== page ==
Did you know you can trap heat energy in plastic bottles and harness it to inflate balloons? Try the following experiment to better understand light reflection, absorption, and energy. What does this have to do with plants? Plants use the energy in light to make their food, sugar, in a process known as photosynthesis.
But first, it’s important to understand the colors that illuminate our world are reflections of light. Light contains all visible wave lengths, a rainbow of colors. The color that we perceive an object to be is the color of light that is reflected back from that object. A green shirt, for instance, appears green because it absorbs every color of light except green, which it reflects back to our eyes. The color white reflects all the light that hits it, whereas the color black absorbs all the light that hits it. Because light is a form of energy, light doesn’t disappear when it is absorbed by a black object. Instead, the light is converted to a different form of energy, heat, and then emitted by the black object. That’s why black objects are much hotter in the sunshine than white objects.
- 2 empty plastic bottles
- Black acrylic paint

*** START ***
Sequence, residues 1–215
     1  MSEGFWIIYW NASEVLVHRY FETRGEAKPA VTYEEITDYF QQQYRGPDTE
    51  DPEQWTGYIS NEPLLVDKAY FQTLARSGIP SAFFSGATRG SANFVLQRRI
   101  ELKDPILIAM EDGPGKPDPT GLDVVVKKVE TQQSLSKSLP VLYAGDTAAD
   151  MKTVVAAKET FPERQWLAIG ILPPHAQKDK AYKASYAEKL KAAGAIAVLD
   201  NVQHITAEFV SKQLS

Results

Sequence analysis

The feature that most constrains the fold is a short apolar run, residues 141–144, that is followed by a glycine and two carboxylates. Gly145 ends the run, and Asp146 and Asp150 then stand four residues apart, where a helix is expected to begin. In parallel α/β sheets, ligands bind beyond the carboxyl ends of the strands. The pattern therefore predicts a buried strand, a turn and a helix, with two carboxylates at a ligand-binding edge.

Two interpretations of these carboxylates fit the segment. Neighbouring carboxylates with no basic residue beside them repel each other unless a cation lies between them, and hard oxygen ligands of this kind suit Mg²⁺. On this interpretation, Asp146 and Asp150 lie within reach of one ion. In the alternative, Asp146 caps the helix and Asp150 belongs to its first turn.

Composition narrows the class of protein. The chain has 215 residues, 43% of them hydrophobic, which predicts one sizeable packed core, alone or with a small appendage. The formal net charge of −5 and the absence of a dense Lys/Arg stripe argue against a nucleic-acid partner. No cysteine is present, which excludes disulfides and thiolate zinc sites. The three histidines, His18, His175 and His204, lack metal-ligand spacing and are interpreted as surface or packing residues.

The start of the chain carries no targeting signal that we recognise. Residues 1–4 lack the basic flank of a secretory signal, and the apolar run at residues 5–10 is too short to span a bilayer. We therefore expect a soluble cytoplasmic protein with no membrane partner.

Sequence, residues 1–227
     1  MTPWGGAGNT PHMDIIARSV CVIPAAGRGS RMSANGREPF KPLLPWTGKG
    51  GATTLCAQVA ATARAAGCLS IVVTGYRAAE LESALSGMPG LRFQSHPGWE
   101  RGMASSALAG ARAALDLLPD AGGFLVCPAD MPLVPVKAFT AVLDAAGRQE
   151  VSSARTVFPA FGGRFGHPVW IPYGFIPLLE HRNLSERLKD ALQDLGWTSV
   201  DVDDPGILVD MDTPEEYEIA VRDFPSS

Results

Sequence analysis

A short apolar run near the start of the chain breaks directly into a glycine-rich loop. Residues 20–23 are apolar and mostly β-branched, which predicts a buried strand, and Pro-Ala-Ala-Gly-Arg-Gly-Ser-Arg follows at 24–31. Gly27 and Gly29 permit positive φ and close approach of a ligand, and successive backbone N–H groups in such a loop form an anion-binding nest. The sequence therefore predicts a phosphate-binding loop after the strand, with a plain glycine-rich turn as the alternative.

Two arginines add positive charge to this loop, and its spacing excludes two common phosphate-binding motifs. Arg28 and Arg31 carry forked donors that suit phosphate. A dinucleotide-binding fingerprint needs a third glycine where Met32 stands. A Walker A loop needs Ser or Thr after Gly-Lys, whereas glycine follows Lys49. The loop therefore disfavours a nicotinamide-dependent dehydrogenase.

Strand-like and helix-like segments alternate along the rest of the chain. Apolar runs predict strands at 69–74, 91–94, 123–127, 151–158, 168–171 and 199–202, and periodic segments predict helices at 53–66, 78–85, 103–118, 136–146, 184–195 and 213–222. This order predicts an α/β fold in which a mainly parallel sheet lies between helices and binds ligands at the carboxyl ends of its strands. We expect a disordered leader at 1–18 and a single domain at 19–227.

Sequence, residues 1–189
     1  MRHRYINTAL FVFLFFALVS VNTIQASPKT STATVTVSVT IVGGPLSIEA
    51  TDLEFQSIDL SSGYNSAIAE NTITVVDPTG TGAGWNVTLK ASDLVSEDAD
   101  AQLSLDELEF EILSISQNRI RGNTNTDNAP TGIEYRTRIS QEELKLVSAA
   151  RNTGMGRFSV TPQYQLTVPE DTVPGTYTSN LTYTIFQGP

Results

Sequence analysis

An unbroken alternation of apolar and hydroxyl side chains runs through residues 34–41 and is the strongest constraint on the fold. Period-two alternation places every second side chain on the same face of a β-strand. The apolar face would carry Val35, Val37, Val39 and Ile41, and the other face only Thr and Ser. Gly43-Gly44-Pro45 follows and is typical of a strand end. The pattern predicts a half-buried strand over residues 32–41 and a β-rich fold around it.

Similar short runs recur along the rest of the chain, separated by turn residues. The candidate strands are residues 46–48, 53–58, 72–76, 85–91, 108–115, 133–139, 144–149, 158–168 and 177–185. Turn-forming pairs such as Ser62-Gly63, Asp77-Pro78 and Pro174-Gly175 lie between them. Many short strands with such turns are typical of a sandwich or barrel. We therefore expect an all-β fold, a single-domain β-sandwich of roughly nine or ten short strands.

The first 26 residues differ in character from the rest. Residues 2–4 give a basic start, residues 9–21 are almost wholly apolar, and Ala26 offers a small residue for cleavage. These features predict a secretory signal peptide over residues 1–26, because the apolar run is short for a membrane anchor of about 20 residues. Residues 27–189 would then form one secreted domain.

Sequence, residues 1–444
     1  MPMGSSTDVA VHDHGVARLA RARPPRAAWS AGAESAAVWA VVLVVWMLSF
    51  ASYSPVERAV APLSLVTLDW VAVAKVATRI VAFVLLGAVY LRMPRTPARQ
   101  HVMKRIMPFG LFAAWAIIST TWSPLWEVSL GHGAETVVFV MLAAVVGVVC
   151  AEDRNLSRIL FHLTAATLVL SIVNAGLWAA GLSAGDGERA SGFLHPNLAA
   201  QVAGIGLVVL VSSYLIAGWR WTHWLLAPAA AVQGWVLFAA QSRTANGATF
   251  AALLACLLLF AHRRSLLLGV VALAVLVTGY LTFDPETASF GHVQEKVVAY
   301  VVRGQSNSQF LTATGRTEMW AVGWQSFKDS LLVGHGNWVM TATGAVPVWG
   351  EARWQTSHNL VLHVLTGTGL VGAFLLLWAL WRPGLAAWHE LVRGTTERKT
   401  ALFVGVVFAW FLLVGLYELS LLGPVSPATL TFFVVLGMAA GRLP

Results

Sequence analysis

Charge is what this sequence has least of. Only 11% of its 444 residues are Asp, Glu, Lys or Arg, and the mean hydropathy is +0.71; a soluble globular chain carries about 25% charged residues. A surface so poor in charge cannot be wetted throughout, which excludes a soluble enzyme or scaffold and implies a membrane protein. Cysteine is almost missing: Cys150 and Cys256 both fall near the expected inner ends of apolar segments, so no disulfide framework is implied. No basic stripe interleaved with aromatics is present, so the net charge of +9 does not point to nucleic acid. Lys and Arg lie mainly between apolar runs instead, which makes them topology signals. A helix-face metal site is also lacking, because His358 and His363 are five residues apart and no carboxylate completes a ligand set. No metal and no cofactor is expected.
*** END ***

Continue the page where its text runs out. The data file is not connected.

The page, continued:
- White acrylic paint
- 2 balloons
- Paint one of the plastic bottles white and one of the plastic bottles black.
2. Place a balloon over the mouth of each bottle. Make sure the balloon is sealed over the entire opening so no air can get in or out.
3. Place both bottles in direct sunlight for ten minutes.
4. The balloon on the black bottle should expand and the balloon on the white bottle will stay deflated. Touch each of the bottles. The black bottle will feel warmer than the white bottle because the black bottle is absorbing solar energy while the white bottle is reflecting it. As the black bottle absorbs energy, the air inside the bottle warms up and rises to fill the balloon with air!
About the Author
Emily Kless is Education Programs Assistant for Naples Botanical Garden. Emily is always excited by the opportunity to learn. Outside of the Garden, you can find Emily and her service dog, Clementine, hiking the region’s various trails (and sometimes forging their own) to admire native plants and birds.